I get a couple of overcast, rainy days in a row. The sun comes out for a few minutes mid-afternoon but otherwise it’s cloudy or drizzling all day. I struggle with the hills and press forward with grim determination. I need to remind myself to be thankful for the things that are going well — I am in good health, I have plenty of food, I have plenty of water, the bike is working well, and the rain is hardly even noticeable!

Mosquitos swarm aggressively as soon as I leave my tent. They’re drowning in my oatmeal. They’re drowning in my coffee. The headnet I’ve been carrying for thousands of kilometers finally comes out of my bags and saves the day.

As I’m getting ready to make dinner in Dease Lake, two electric Rivian trucks pull into the RV park. Curious about how they’ve made it this far in terms of charging stations or lack thereof, I walk over to have a look. The passenger door swings open and out pops a young man who runs around the vehicle and shakes my hand. Kendrick works for Rivian in the “customer experience” department.

The group consists of two owners/drivers and they are accompanied by several representatives from Rivian to help ensure the trip goes smoothly from a technical perspective and when interacting with the public along the way.

Deese Lake campsite.

They’re heading from Irvine, California to Prudhoe Bay, Alaska. Apparently, they’ve just run out of fast charging stations (high voltage DC) and are figuring out how to proceed. The RV park has 50 amp AC hook ups but the limiting factor is the AC/DC converter built into the vehicles. It’s looking like it will take a day and a half to take the batteries from 2% to 100%. They end up checking into the local hotel and I never get the end of the story.

If anyone knows where to find them on social media, please let me know. But what I really want to know is how do I get myself a Kendrick who pops out and runs interference when people approach me to ask questions but maybe I’m too tired or hungry to be a good solar ambassador?

Charging up at Jade City in the morning.

I meet about a dozen cyclists traveling south, some heading all the way to South America. We swap tips about the route ahead, say our goodbyes and continue on in opposite directions. One such tip is about the free camping, free hot coffee and $5 showers available in “Jade City”, a gift shop/motel up the road. @pedalsandpuffins for the win!

Jonas is giving me a tour around Jade City and I ask about breakfast options. Apparently, they had some Airbnb guests cancel so there might be a breakfast available. “I’ll go ask Claudia.”

“Claudia,” I think to myself. Good, strong, German name. I suppose she will be Jonas’ wife? I don’t meet Claudia but I’m told that I’ve been invited for breakfast.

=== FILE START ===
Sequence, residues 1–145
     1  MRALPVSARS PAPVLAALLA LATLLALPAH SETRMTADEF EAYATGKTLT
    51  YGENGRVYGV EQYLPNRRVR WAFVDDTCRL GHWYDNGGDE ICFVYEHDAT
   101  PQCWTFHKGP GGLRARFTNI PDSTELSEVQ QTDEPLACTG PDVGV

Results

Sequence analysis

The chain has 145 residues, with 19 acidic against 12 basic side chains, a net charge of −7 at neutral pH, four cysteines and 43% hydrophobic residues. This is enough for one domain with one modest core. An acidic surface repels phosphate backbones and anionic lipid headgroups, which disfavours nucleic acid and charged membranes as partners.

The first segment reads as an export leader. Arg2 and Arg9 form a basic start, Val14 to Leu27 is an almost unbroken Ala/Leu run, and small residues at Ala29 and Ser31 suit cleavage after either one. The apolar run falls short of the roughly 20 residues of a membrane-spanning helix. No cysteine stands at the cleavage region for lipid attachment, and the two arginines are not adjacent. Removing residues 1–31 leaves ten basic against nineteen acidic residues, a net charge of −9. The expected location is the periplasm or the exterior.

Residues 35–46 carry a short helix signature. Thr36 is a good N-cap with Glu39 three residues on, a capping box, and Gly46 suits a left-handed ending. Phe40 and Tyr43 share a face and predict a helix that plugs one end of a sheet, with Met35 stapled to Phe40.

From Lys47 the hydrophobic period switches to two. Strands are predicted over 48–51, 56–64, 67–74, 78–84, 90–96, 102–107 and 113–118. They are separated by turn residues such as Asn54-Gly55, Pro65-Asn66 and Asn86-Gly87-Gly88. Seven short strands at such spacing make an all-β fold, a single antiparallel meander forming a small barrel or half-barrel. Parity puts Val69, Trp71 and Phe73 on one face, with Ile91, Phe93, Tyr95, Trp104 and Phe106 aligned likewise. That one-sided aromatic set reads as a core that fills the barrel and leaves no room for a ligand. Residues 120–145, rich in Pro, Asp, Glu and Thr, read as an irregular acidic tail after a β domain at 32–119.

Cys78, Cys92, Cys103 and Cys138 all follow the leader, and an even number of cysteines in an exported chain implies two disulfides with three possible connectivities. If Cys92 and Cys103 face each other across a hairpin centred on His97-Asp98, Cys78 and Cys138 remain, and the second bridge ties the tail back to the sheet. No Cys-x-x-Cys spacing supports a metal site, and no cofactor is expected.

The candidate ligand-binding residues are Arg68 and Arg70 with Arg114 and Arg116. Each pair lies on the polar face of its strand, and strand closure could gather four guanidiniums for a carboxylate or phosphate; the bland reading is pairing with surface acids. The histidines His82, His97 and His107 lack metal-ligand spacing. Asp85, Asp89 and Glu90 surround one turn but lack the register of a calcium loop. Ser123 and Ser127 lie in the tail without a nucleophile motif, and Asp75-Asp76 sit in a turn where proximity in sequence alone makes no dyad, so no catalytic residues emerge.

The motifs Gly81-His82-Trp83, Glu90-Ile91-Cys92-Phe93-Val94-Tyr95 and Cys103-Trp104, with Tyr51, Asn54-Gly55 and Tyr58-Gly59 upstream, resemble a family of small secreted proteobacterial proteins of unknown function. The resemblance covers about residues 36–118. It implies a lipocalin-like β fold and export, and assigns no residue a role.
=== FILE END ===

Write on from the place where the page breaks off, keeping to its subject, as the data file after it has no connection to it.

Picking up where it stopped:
While setting up camp, I meet Robert, a prospector who spent most of his life in the Yukon, looking for gold, copper, and diamonds. He has a unique ATV from the 1970s with a DIY shack on a skidoo trailer that he uses in his trade. He is keen to learn about my solar bike and I’m delighted to learn about his experiences.

“Ever had any trouble with bears?” I ask, hoping for a good story.

“Nah. As long as you take the right precautions, they leave you alone.” In hindsight, his response is far more comforting in my current situation than a harrowing tale of survival in the wild.

The following morning, I meet Claudia. She is not Jonas’ wife. Walking around the jade gift shop, I see a set of DVDs: seasons 1-7 of “Jade Fever.” It was a reality TV show about Claudia and her family which ran on The Discovery Channel and has been syndicated to 150 countries. “Claudia! You are a reality TV star!”

“You’ve heard about people seeking fame and fortune? Well, we found fame,” she laughs.

I didn’t expect to buy a rock that I would carry in my panniers on this trip but I end up getting a tiny carved jade bear with a salmon in its mouth. They sure know their clientele. I vaguely remember something about restrictions on bringing jade across international borders so I consider asking Claudia, “Do I need to keister this when I cross into the US?,” but think better off playing this bit on her.

Having found the Jade Fever experience I didn’t know I was looking for, I fill my thermos with fresh hot coffee, top up my water reservoir, and hit the road.

As I approach the 60th parallel, the Yukon border and the end of the Cassiar Highway, I meet more southbound cyclists. Most seem disappointed to tell me, “I have not seen any bears.”

“Don’t worry,” I tell them, “you will.”

Word of the day: “skookum“ meaning strong or impressive (Chinook jargon, referring to a person, animal or thing).